Almost two hundred years after the birth of Charles Dickens and the rich are still trying to blame the poor for their circumstances. Charities like Barnardos and The Children’s Society broadly welcomed David Cameron’s pledge to help 120,000 of Britain’s most “troubled families” over the next three years, but with the proviso that the Government puts its money where its pursed-lipped mouth is.
There is a lot of sense in some of what David Cameron proposes. A lot of families probably aren’t getting enough help simply because too many different uncoordinated professionals are dipping in and out of their lives without getting to the cause of the problem. Equally, it probably isn’t as simple as finding one person to “go through the front door” and ensure that the “building blocks” of normal family life are put into place. Mr Cameron cites getting children to school and ensuring that they are fed as examples of things that need to be tackled. Doh. It’s very easy, and disingenuously distracting, to focus on the most chaotic families by invoking an Enid Blyton style “just pull your socks up and stop being so lazy and feckless” attitude to poverty.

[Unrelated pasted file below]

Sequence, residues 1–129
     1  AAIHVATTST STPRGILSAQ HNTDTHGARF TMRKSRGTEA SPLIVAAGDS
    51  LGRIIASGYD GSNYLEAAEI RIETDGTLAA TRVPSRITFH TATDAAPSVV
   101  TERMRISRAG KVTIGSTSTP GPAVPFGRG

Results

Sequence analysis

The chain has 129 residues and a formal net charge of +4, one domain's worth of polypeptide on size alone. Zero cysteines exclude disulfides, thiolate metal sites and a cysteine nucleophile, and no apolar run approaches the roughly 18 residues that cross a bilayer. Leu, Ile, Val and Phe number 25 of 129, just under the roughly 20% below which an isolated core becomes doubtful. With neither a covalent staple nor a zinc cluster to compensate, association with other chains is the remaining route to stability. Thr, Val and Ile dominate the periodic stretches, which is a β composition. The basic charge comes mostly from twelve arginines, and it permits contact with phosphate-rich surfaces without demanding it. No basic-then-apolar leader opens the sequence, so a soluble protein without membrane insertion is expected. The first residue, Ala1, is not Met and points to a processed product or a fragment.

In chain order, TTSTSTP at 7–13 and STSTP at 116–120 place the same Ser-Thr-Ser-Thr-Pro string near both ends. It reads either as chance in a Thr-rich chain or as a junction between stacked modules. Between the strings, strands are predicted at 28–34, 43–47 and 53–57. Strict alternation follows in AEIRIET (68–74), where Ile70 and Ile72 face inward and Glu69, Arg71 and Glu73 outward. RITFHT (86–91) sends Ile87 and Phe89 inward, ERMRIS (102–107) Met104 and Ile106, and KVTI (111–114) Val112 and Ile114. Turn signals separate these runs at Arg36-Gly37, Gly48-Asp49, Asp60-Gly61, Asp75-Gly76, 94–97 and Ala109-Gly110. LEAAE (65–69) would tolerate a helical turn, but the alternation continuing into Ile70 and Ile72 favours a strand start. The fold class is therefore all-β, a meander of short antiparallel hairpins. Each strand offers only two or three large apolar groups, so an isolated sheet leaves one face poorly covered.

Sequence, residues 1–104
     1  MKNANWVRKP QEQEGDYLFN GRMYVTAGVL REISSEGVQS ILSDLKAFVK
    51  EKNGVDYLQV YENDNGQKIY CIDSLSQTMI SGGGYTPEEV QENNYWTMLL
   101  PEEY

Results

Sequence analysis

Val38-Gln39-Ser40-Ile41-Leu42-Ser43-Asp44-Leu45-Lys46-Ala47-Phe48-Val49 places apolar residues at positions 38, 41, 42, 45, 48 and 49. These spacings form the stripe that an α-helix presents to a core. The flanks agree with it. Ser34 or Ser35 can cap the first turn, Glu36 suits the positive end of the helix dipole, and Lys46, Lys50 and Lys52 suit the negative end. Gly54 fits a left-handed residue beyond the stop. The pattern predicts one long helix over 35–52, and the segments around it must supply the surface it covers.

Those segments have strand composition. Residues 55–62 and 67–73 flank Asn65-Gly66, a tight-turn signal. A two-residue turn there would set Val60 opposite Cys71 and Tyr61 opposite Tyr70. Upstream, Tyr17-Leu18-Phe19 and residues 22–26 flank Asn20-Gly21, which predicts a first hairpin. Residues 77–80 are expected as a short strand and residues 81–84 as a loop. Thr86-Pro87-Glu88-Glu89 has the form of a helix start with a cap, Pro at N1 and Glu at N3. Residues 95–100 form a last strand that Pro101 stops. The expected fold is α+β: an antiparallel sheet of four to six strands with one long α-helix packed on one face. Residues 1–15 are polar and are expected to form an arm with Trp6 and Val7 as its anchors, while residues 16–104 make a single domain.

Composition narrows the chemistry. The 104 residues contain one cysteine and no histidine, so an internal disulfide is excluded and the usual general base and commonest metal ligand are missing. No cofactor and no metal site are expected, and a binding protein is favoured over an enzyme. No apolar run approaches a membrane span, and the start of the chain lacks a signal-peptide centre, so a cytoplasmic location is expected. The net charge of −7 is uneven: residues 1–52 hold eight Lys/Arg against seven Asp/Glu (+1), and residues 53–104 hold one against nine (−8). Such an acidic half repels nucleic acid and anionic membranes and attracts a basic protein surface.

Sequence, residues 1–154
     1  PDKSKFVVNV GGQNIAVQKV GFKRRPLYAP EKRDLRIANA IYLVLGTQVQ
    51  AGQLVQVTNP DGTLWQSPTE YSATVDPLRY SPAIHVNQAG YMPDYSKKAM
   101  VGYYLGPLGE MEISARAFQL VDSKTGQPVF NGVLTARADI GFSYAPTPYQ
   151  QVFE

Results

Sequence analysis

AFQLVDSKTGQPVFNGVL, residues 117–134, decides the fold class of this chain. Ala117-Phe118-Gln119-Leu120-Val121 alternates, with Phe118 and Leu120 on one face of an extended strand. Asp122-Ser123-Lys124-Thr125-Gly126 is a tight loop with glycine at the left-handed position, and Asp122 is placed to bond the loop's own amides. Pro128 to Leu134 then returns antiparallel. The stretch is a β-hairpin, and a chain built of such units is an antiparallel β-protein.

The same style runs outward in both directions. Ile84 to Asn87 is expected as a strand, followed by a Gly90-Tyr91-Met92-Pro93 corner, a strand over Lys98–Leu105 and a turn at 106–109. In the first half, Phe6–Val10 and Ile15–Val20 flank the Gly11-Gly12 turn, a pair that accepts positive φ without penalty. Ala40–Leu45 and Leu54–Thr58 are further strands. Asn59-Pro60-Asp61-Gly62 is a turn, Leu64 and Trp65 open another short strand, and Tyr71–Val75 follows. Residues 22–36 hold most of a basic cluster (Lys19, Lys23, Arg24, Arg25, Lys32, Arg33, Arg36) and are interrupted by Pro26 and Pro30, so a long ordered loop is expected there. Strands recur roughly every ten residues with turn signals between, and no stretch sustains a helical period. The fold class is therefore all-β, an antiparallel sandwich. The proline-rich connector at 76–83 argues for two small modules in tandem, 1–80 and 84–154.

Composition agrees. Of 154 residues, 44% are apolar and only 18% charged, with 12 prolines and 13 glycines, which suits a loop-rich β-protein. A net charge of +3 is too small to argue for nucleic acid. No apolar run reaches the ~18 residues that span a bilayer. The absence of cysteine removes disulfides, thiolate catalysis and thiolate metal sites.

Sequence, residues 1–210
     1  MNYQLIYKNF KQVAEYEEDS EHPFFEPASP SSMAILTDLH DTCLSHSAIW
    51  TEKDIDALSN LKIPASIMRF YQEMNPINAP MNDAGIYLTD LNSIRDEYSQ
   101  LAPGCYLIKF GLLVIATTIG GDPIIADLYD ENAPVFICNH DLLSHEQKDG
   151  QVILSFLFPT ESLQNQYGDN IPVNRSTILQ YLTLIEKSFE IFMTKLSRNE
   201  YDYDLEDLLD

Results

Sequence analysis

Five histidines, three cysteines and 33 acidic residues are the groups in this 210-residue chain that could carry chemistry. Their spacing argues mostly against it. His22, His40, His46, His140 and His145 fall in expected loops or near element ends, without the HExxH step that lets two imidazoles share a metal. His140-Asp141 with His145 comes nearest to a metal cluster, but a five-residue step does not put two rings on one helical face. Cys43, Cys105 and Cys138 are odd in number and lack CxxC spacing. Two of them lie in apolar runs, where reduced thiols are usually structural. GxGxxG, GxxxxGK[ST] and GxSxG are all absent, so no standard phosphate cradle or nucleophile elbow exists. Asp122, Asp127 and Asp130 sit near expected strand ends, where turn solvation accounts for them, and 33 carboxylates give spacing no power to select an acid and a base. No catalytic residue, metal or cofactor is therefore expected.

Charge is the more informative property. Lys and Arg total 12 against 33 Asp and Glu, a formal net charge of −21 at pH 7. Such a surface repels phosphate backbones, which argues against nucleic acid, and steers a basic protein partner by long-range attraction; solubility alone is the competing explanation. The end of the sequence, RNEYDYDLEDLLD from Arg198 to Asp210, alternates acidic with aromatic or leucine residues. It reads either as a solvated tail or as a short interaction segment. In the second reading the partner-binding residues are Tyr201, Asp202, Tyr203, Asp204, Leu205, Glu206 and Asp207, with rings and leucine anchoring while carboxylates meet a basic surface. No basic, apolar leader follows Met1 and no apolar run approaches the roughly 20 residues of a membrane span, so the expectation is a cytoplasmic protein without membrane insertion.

(Does anyone else remember The Put Em Rights where a band of hard-working posh children sorted out a Shameless style family by washing their curtains and bathing the children and putting wholesome food on the table?) And it may well work for those who really aren’t coping with the basics, but it won’t solve problems for the rest of us. Making the most chaotic families employable again won’t find work for the £2.7million who are currently employed, or help the one in three families who will get into debt this Christmas clear their credit cards. I would be far more keen to get behind David Cameron’s plan if his policies hadn’t already wiped out the funding for my local community centre, forced my children’s after school service to double its fees and caused the school nursery to cut its provision in half.
That ‘s the way to create chaotic families so if it carries on he can add mine to his list. I could do with someone to help get me up in the morning, ensure the children are dressed, had breakfast, cleaned their teeth, found their book bags and are ready to leave the house in an orderly crocodile by 8.40am.